The quotes are paraphrases or direct quotes from The Art of Peace by Morihei Ueshiba translated by John Stevens.
Ron Ragusa wrote:
"Aikido was born out of three Enlightenment experiences of O-Sensei. One occurred in 1925, after O-Sensei had defeated a high-ranking swordsman's vicious attacks, unarmed and without hurting him. Ueshiba then went into his garden and
This is kind of strange paraphrase.
'Suddenly, the earth shook. Golden vapor welled up from the ground and engulfed me. I felt transformed into a golden image, and my body seemed as light as a feather. All at once I understood the nature of creation: the Way of a Warrior is to manifest Divine Love, a spirit that embraces and nurtures all things.'
This is a direct quote with the strange substitution of "shook" for "trembled."
His second experience occurred in 1940 when,
'Around 2 o'clock in the morning as I was performing ritual purification, I suddenly forgot every martial art technique I had ever learned. All of the techniques handed down from my teachers appeared completely anew. Now they were vehicles for the cultivation of life, knowledge, virtue, and good sense, not devices to throw and pin people.'
His third occurred in 1942 during the most grim period of WWII, Ueshiba had a vision of the "Great Spirit of Peace"
'The Way of the Warrior has been misunderstood as a means to kill and destroy others. Those who seek competition are making a grave mistake. To smash, injure, or destroy is the worst sin a human being can commit. The real Way of a Warrior is to prevent slaughter - it is the Art of Peace, the power of love.'"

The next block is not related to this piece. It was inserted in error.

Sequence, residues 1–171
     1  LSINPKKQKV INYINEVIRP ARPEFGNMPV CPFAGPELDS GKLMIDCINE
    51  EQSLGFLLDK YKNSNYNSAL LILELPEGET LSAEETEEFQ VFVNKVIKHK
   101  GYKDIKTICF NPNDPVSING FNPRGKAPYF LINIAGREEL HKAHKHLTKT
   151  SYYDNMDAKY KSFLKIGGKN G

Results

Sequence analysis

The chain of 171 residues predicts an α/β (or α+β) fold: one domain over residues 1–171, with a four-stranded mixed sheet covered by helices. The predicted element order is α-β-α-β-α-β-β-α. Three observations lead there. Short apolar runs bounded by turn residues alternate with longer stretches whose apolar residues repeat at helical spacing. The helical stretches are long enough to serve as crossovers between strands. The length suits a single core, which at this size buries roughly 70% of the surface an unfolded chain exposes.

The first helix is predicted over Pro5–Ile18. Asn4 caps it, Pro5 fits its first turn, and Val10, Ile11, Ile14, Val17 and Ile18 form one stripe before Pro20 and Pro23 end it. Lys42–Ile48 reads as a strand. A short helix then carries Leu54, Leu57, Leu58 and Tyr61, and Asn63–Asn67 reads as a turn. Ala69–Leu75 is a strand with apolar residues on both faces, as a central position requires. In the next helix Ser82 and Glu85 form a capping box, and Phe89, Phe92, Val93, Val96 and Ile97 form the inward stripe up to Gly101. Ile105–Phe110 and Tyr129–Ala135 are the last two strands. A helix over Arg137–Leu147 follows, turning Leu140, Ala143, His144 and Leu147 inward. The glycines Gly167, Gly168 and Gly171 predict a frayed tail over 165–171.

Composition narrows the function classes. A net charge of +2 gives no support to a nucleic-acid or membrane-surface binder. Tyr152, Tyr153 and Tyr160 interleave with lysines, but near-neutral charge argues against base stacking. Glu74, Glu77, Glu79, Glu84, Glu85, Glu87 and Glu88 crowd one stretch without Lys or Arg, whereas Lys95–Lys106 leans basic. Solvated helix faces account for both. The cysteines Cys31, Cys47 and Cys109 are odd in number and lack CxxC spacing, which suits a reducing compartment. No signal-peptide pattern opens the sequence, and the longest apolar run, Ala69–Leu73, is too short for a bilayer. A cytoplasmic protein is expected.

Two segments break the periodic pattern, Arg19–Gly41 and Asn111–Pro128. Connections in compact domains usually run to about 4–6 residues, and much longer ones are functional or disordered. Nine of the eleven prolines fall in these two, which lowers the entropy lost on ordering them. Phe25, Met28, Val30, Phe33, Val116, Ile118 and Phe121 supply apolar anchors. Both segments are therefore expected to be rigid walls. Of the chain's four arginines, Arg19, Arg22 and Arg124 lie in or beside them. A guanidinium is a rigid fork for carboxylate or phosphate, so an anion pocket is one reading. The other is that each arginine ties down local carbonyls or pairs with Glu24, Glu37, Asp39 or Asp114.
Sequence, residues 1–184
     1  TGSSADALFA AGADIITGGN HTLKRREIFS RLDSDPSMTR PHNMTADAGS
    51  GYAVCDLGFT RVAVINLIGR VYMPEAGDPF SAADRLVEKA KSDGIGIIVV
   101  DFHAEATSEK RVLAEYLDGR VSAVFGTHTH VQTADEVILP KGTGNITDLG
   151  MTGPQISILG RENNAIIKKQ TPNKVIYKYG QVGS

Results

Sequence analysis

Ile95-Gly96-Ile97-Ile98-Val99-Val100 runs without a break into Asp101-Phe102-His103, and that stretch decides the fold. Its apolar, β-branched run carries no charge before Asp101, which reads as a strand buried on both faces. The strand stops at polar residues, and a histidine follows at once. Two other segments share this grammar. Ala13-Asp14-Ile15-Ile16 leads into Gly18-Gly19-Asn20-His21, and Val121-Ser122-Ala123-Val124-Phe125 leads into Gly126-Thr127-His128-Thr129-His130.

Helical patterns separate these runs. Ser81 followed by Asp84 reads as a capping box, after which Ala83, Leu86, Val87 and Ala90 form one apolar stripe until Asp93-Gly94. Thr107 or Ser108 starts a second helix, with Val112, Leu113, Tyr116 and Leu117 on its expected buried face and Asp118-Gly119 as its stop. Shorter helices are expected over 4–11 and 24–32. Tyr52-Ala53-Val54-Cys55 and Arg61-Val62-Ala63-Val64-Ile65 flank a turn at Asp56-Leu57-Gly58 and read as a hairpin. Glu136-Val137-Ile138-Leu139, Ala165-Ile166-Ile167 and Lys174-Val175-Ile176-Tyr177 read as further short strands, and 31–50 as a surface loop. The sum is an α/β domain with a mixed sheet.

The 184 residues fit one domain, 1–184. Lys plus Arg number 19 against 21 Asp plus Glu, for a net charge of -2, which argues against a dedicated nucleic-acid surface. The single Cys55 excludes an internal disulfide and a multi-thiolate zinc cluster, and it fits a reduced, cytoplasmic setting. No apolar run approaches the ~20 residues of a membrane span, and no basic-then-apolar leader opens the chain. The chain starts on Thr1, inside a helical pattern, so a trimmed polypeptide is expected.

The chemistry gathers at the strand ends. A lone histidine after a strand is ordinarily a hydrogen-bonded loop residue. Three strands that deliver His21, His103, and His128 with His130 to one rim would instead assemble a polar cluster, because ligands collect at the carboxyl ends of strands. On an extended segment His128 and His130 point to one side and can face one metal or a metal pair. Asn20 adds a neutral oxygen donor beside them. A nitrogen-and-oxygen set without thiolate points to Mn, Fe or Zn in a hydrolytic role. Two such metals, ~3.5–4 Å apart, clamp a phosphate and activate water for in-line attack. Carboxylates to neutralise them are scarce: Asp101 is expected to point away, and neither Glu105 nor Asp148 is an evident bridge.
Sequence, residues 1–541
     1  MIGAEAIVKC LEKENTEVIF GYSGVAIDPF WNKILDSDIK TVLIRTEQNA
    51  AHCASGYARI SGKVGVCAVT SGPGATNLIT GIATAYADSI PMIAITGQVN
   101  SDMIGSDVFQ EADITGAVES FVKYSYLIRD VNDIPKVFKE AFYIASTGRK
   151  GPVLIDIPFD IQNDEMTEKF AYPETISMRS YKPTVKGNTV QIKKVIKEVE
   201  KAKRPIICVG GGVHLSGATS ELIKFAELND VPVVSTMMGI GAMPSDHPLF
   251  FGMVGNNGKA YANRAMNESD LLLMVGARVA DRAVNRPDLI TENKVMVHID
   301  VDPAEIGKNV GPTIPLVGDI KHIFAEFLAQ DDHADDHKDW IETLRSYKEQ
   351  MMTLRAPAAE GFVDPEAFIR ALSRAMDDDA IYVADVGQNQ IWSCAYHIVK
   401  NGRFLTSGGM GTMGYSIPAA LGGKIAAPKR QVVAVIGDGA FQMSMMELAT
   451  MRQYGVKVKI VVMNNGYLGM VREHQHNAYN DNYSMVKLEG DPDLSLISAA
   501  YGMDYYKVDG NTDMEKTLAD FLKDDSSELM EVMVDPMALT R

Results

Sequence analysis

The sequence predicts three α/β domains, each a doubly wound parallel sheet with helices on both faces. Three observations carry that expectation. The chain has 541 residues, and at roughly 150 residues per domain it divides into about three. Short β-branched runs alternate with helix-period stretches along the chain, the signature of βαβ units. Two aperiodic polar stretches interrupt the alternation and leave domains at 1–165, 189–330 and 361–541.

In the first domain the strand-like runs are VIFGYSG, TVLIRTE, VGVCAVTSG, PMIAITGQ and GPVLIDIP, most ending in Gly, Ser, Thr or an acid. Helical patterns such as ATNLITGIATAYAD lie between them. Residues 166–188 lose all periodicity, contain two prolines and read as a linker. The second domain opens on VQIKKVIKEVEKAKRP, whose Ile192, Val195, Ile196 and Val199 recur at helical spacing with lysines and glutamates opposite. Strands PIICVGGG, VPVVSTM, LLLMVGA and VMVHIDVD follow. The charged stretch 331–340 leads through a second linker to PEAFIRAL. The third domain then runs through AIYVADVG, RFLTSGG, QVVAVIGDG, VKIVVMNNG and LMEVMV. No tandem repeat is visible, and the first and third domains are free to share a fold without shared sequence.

The direct quotes are exactly as they are in the book and the narrative like parts are close paraphrases. It almost seems as if the writer felt that by changing a few words of the narrative, they were avoiding any kind of copyright problem. IMHO it would have been better to just copy it verbatim and give the source.
To answer your question, Ron, these stories show me that Aikido comes from the things O'Sensei realized from his experiences, not that it leads to them. He seems to be saying that the spirit of Aikido is the spirit that embraces and nurtures all things, not that by practicing this martial art we will somehow be magically transformed into that spirit in the future. It starts with a realization, even if only intellectually, that "I am a good person" and then to endeavor to get body and spirit in line with that thought. (cue Kumbaya background music
What makes Aikido "radical" is that in the past some warriors who survived battle came to have a spiritual realization about reality. Saotome Sensei writes about some of these men in "The Principles Of Aikido." Morihei Ueshiba went the other way. He began with a spiritual background and then had one intense life or death situation. For those of us who do not face such life or death situations, this provides great inspiration that we too might discover something of value in our hard training and deep learning.
For me, two "spiritual" teachers have been helpful in a practical way. Mikhail Ryabko (co-founder of Systema) says, "First, be a good person." And Pandit Rajmani Tigunait (spiritual director of the Himalayan Institute) says, "First, resolve to always be cheerful."